38. Don’t read too much into the tax payment listed on the listing, it is the current owner’s, not what a new owner will pay.
  39. Who are the board of directors of the building and how is the building managed?
  40. Carefully read over the financials during the contingency period and ask questions if you don’t understand.
  41. Generally speaking how is the overall condition of the building?
  42. What are your voting rights in the condominium association?
  43. What restrictions exist in the condominium documents on the leasing of the unit?
  44. There are two factors you need to consider in terms of renting. (1) the rules of the building for renting & (2) the rules of the coding for Miami Beach. If your building allows short term rentals but the property is located in an area in the city not zoned for short term renting, you can be heavily fined for renting short term. 
  45. If you are going to rent out the property, have your agent pull “rental comps” so that you can get a good idea of how much per month you can get for the unit.
  46. How much are my assessments to the condominium association for my unit type and when are they due?
  47. Do you have to be a member in any other association? If so, what is the name of the association and what are your voting rights in this association?
  48. Are you required to pay rent or land use fees for recreational or other commonly used facilities? If so, how much are you obligated to pay annually?
  49. Is the condominium association or other mandatory membership association involved in any court cases in which it may face liability in excess of $100,000? If so, identify each such case.
  50. What is the general attitude of the building towards maintenance, updates and ongoing repairs?
  51. How much money is in the reserves?
  52. Are there any upcoming major projects? 40 year assessment, etc.
  53. How much is the assessment in total? Per unit?
  54. Exactly what does the assessment include? (If possible, ask for copy of the assessment documentation.)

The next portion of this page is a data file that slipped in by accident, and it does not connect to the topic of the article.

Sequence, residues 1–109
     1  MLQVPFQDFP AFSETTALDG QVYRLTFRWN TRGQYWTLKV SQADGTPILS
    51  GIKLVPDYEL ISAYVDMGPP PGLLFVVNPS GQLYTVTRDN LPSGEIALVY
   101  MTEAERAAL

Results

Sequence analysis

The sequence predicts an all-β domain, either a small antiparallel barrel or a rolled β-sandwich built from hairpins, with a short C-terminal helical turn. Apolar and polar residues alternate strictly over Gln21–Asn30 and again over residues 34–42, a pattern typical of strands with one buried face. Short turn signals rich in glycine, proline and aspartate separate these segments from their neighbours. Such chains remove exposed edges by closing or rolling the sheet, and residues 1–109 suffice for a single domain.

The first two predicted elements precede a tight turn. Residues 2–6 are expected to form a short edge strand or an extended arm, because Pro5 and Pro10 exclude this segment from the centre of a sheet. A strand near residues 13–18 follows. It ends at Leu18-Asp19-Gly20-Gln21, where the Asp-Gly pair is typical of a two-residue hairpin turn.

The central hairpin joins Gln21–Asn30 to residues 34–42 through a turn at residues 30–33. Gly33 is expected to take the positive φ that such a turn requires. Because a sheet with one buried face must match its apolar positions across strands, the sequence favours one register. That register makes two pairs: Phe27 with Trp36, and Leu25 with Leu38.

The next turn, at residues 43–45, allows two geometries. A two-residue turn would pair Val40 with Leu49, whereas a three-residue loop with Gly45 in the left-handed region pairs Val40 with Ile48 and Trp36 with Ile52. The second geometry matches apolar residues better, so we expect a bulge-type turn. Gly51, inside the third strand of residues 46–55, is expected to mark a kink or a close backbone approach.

55. What other future projects does the board anticipate will need to be completed?
  56. What time frame will these projects be pursued?
  57. Do they foresee future assessments for these projects?
  58. Did the building get a loan to pay for the assessment and/or how are the owners paying for it?
  59. How many units owners have paid in full, are paying on time, are delinquent?
  60. Who is managing the assessment money and the project?
  61. On regular monthly maintenance payments: How many unit owners are paid to date, how many are delinquent?
  62. What’s included in the monthly maintenance payments?
  63. How many board members have served consecutive years? (More inside information.)
  64. Who manages the building? How long have they managed the building?
  65. Is the building eligible for financing?
  66. How long does the condo association application take?
  67. Are there any foreclosures or delinquencies and how is the building handling these issues?
  68. Read the condo docs and be sure you are okay with how this building manages their business.
  69. Before an offer is written on a property talk about earnest money deposits and contract contingency periods.
  70. You don’t have to use an attorney for the transaction, although I highly recommend to use an attorney.
  71. You will need to choose a title company and an inspection company (interview them in advance).
  72. How much are your closing costs estimated for a particular property?